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MLK really did have friends and associates in the CP-USA, of course; that was the prime angle on him Hoover sought to exploit. Most of the more than 100 FBI agents sent to MS ostensibly to protect civil rights workers during Freedom Summer were in reality under orders to investigate them for signs of Communist activity. Since the CP-USA had for decades been the only US political party with a strong and explicit anti-segregation platform, it was quite easy to frame civil rights activists with that particular smear.



Irvine (or anyone else), have you been to the new monument? I've seen pictures of course (and read about all the various disheartening conflicts over it), but haven't actually been yet.
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Old 01-16-2012, 10:10 PM   #11
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the only time I was in DC was during the poor people's march in 1968, I was 12, I went with my father on a trip to NIH

I remember seeing all the people on the mall
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Old 01-16-2012, 10:14 PM   #12
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Irvine (or anyone else), have you been to the new monument? I've seen pictures of course (and read about all the various disheartening conflicts over it), but haven't actually been yet.

no, haven't had a chance to check it out.
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Old 01-16-2012, 11:07 PM   #13
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Speaking about segregation laws but applicable to all law.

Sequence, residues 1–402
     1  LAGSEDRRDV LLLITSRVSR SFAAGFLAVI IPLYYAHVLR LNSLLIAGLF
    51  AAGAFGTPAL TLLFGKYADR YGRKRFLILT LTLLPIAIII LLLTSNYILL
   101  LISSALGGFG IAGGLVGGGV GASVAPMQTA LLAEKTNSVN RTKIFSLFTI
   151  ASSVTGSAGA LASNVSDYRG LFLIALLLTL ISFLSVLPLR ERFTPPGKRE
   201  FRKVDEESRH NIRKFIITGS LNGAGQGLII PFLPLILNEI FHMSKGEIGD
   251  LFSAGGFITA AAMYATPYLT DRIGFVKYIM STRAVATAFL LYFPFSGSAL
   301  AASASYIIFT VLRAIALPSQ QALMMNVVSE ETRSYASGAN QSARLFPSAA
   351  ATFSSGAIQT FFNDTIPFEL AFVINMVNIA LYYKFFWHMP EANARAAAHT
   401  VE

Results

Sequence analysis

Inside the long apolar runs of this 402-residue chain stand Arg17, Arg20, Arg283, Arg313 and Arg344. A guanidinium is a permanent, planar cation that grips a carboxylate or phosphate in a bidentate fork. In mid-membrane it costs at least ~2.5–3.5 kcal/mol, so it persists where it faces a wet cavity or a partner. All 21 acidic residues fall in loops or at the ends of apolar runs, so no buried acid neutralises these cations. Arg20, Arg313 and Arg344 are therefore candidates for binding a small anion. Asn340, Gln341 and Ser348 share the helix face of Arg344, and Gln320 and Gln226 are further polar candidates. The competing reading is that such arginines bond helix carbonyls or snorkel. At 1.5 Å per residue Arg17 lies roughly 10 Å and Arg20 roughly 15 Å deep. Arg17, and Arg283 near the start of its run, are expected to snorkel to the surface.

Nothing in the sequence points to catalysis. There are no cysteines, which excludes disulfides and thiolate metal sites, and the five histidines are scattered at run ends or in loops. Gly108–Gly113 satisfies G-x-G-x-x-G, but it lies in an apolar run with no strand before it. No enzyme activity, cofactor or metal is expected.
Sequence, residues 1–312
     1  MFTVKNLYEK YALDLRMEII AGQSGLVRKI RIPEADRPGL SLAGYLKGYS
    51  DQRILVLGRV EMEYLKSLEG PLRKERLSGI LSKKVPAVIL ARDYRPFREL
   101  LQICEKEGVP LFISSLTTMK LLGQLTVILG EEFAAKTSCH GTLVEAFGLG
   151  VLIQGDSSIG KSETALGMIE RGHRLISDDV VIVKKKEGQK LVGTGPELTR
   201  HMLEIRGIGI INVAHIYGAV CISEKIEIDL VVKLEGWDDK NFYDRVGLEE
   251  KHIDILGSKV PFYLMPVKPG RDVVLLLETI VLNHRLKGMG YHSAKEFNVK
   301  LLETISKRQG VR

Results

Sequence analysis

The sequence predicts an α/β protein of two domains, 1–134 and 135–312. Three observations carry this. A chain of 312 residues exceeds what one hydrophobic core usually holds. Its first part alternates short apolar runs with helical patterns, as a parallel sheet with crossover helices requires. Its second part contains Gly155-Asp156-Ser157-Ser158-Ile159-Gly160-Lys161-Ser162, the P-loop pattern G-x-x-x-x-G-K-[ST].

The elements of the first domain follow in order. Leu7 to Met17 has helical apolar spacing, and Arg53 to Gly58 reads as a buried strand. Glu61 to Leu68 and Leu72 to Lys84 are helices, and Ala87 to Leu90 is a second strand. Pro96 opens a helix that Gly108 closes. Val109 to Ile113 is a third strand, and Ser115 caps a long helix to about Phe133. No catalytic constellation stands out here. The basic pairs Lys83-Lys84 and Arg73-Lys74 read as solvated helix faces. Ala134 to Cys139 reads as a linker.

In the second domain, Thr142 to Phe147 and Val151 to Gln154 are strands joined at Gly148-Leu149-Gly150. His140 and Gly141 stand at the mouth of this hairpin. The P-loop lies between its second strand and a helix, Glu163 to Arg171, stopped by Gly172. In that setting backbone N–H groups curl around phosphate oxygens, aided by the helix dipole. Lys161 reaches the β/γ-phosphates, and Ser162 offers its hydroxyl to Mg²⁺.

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How does one determine whether a law is just or unjust? A just law is a man made code that squares with the moral law or the law of God. An unjust law is a code that is out of harmony with the moral law. To put it in the terms of St. Thomas Aquinas: An unjust law is a human law that is not rooted in eternal law and natural law. Any law that uplifts human personality is just. Any law that degrades human personality is unjust.
-- Letter from Birmingham City Jail - 1963
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Old 01-17-2012, 07:40 PM   #14
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^ Just as a kind of coda to that, while he doesn't specifically cite King here (though he does in The End of History, which it's clearly based on) Francis Fukuyama just had an article in Foreign Policy on that same theme:
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The legend now has it that the Arab Spring was kicked off in early 2011 when a Tunisian vegetable seller, Mohamed Bouazizi, had his fruit cart confiscated by the police. Slapped and insulted by a policewoman, he went to complain but was repeatedly ignored. His despairing response--to set himself on fire--struck an enormous chord across the Arab world. What was it about this act that provoked such a response? The basic issue was one of dignity, or the lack thereof, the feeling of worth or self-esteem that all of us seek. But dignity is not felt unless it is recognized by other people; it is an inherently social and, indeed, political phenomenon. The Tunisian police were treating Bouazizi as a nonperson, someone not worthy of the basic courtesy of a reply or explanation when the government took away his modest means of livelihood. It was what Ralph Ellison described as the situation of a black man in early 20th-century America, an Invisible Man not seen as a full human being by white people.
.......................................